PEOPLE v. CRANDALL

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Supreme Court, Appellate Division, Third Department, New York.

The PEOPLE of the State of New York, Respondent, v. George S. CRANDALL, Appellant.

Decided: October 25, 2001

Before CARDONA, P.J., MERCURE, SPAIN, CARPINELLO and MUGGLIN, JJ. John J. Goodman Jr., Greenwich, for appellant. Robert M. Carney, District Attorney (Alfred D. Chapleau of counsel), Schenectady, for respondent.

Appeal from a judgment of the County Court of Schenectady County (Halloran, J.), rendered December 23, 1999, upon a verdict convicting defendant of the traffic infractions of driving while ability impaired by alcohol and failure to obey a traffic control signal.

Defendant was charged by indictment with the crime of driving while intoxicated and the traffic infraction of failing to obey a traffic control signal, i.e., failing to stop at a red light.   Following a jury trial, he was found not guilty of driving while intoxicated but guilty of the lesser included offense of driving while ability impaired by alcohol (Vehicle and Traffic Law § 1192[1] ) and failing to obey a traffic control signal (Vehicle and Traffic Law § 1111[d] ).   County Court thereafter sentenced defendant to 15 days in jail, imposed a $500 fine and suspended defendant's license for 90 days in connection with his conviction for driving while ability impaired.   The court also imposed a $50 fine for the red light infraction.   Defendant appeals.

 We affirm.   Initially, we are unpersuaded by defendant's contention that the evidence was legally insufficient to support his conviction of driving while ability impaired.1  Specifically, defendant asserts that the People failed to prove that he had consumed any alcohol.   The evidence adduced at trial indicates that on or about February 7, 1999, an eyewitness observed defendant driving erratically in the Town of Niskayuna, Schenectady County.   The eyewitness, who was driving in a vehicle behind that of defendant, testified that he telephoned 911 from his mobile phone to report his observations.   Shortly thereafter, a police officer in the vicinity saw a vehicle-matching the description given by the 911 caller-drive through a red light.   The officer pulled the vehicle over and, upon asking defendant to produce his license and registration, detected the odor of an alcoholic beverage on defendant's breath and noted that his eyes were bloodshot and his speech was slurred.   When asked by the officer whether he had been drinking, defendant responded that he had consumed four beers that evening.   The officer also testified that defendant was unable to properly perform the field sobriety tests which he had administered at the scene.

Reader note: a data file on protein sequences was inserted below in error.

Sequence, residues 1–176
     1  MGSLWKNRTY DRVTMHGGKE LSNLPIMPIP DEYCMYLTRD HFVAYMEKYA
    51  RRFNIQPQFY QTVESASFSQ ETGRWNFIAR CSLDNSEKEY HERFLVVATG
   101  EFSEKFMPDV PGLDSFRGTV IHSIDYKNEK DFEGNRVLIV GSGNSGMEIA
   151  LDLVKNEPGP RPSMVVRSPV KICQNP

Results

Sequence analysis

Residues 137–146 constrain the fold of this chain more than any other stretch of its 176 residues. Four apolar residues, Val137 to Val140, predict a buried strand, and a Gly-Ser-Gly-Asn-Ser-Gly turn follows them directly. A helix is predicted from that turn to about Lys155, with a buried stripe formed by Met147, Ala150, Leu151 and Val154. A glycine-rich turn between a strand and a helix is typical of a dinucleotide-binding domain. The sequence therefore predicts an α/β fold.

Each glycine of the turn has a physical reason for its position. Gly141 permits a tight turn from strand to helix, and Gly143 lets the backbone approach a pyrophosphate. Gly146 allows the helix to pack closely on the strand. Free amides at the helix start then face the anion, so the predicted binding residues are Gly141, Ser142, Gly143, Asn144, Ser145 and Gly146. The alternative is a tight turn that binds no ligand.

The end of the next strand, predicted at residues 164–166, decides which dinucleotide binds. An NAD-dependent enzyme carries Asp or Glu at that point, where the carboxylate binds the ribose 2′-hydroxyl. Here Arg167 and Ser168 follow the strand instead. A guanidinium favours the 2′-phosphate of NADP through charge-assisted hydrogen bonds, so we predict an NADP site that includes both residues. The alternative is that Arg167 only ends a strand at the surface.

Viewing the evidence in a light most favorable to the People, we find that it was legally sufficient to permit a rational trier of fact to conclude-based upon reasonable, permissible inferences-that defendant had consumed alcohol and that all the elements of the traffic infraction of driving while ability was impaired by alcohol were established beyond a reasonable doubt (see, Vehicle and Traffic Law § 1192[1];  People v. Taylor, 94 N.Y.2d 910, 911-912, 707 N.Y.S.2d 618, 729 N.E.2d 337;  People v. Contes, 60 N.Y.2d 620, 621, 467 N.Y.S.2d 349, 454 N.E.2d 932;  People v. Green, 174 A.D.2d 511, 512, 571 N.Y.S.2d 290, lv. denied 78 N.Y.2d 1011, 575 N.Y.S.2d 819, 581 N.E.2d 1065;  People v. Scallero, 122 A.D.2d 350, 351-352, 504 N.Y.S.2d 318).   Further, viewing the evidence in a neutral light, and according deference to the fact finder's ability to observe witnesses and evaluate their credibility (see, People v. Bleakley, 69 N.Y.2d 490, 495, 515 N.Y.S.2d 761, 508 N.E.2d 672;  People v. Knapp, 272 A.D.2d 637, 638-639, 706 N.Y.S.2d 531), we cannot say that the jury failed to give the evidence the weight it should have been accorded.   While defendant offered contradicting proof, it was within the province of the jury to accept or reject such proof.

 Finally, we reject defendant's contention that County Court erred when it refused to charge the jury that the facts giving rise to defendant's guilt had to satisfy the “moral certainty” standard.   Defendant's admission that he had consumed four beers, together with police testimony regarding defendant's condition and demeanor and the eyewitness testimony regarding his erratic driving, constituted direct evidence of his impaired ability to operate his vehicle (see, People v. Heidorf, 186 A.D.2d 915, 916, 589 N.Y.S.2d 628;  People v Green, supra;  People v Scallero, supra ).   Inasmuch as both direct and circumstantial evidence were present, defendant was not entitled to a circumstantial evidence charge (see, People v. Merrick, 188 A.D.2d 764, 765, 591 N.Y.S.2d 564, lv. denied 81 N.Y.2d 889, 597 N.Y.S.2d 951, 613 N.E.2d 983;  People v. Heidorf, supra ).

We have considered defendant's remaining contentions and find that they are either unpreserved for our review or without merit.

ORDERED that the judgment is affirmed.

FOOTNOTES

1.   Defendant does not challenge his conviction for the red light infraction.

SPAIN, J.

CARDONA, P.J., MERCURE, CARPINELLO and MUGGLIN, JJ., concur.

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